Understanding How Document Databases Work
Data is the backbone of most applications, especially for web and mobile apps. Without data, you can’t retrieve information, have users login, or build out much of anything. The way that most data is stored for web & mobile apps is through some kind of database. I’m sure most of you know how simple databases work, but let me illustrate with an example from a simple relationship database perspective.
Let’s say I have two sets of data and I want to relate them together: a data set of users and a data set of posts. In a normal relational database (like MySQL for example), I would have each set of data in a different table.
I would then have to link the two tables or “relate” them together. This is done by having a primary and secondary key (or foreign key). For this simple example, I would link the Posts “user_id” field to the Users “_id” field. This would create a relational link for me to retrieve data between them.
Ok, now let me show you how this would work if I’m using a Document Database (also known as NOSQL) with MongoDB.
So, if this was an object MongoDB database, I would have two different “tables” or in this case Collections
For MongoDB “Tables” are called Collections and “Records” are called Documents.
One Collection for Users:
One Collection for Posts:
Now, what do I do if I want to retrieve a collection of posts from a single user (the “documents” that I want)?
There are a couple of ways I could do that:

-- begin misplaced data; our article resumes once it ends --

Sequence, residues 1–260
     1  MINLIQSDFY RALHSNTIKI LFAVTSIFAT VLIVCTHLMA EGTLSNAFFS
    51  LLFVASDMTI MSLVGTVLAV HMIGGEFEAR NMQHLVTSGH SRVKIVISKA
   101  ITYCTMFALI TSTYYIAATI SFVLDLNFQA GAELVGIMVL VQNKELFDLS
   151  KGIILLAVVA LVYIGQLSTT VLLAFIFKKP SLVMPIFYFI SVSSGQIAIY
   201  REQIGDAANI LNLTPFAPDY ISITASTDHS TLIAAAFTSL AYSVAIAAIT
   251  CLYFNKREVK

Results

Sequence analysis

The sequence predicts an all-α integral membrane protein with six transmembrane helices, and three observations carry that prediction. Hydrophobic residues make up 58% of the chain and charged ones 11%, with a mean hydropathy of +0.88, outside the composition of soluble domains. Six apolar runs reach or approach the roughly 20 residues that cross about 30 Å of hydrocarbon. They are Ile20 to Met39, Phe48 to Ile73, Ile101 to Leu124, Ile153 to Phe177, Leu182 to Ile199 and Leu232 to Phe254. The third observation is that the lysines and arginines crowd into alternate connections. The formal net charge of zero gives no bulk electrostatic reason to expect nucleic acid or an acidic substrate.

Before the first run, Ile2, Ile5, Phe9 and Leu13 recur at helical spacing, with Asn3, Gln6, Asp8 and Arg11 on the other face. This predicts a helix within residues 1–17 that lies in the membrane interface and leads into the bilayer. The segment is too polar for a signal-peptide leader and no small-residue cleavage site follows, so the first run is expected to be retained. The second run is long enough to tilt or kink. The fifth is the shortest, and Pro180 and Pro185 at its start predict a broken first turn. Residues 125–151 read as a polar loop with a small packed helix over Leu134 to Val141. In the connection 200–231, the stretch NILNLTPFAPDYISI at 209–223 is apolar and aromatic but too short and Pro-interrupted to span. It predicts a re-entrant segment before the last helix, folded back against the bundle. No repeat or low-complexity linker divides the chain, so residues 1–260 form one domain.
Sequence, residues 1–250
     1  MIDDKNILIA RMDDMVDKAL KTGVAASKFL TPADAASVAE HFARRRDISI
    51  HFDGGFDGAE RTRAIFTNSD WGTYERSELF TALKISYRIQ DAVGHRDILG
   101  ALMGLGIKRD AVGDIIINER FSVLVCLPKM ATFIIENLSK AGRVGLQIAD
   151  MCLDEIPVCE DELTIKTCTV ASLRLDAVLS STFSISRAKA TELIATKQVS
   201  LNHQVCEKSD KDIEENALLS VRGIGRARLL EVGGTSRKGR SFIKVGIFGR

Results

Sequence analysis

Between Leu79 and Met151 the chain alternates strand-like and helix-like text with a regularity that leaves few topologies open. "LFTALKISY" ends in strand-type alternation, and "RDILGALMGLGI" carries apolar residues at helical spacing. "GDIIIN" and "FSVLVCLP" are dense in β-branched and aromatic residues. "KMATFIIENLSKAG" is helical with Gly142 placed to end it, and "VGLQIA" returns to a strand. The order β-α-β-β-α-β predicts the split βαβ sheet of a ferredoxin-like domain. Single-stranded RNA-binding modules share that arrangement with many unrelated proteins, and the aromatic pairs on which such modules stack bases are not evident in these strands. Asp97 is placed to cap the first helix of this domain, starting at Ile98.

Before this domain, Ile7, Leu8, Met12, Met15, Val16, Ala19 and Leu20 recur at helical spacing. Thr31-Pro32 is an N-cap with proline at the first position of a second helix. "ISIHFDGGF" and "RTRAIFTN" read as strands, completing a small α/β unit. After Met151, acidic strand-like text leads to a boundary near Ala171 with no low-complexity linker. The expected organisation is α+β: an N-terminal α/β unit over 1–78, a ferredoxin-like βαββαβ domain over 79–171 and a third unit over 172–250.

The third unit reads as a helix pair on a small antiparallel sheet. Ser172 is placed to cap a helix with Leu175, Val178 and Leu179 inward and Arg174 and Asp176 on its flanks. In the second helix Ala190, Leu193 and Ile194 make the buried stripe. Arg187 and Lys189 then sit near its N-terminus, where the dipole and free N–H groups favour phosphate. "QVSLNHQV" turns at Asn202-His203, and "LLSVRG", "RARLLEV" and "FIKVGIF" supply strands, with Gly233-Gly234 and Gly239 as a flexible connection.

Embed one collection inside the other
This is a viable way to do it, particularly if you have one-to-one or one-to-many relationships, as is the case with posts. In this case, you would have the posts nested inside of the user collection as an array of objects.
Provide a “relation” between them
Although the above method is valid, if I had a many-to-many relationship I would probably not use this way. For example, if I want to have a post that is posted by a single person, but can have other people like it and share it, it would be a lot easier for me to conceptualize and map out those other actions that a user could perform, if I store data as a separate collection, and “relate”them together.
Wait, you might say. I thought that Document Databases don’t allow you to “relate” data together?
While it’s true that you can’t have a primary / foreign key relationship, you can still mimic having a “relationship” by inserting a primary key into the collection you want to relate to.
In our example, that would mean that:
1) We would have to insert a reference to the Posts collection, inside of the Users collection, for us to know who posted a certain post.
2) We would have to insert references to the Users collection into the Posts collection, for us to know who “liked” or “shared” a certain post.
The result would give us the following (for NodeJS applications, the below can be accomplished using Mongoose):
Based on what I’ve seen, this is the best way to do it if you have 2 large collections that you want to relate together, especially if they have a complicated relationship between each other (which could be many-to-many).
I hope this was beneficial to you on your journey to learn about databases and application backends!
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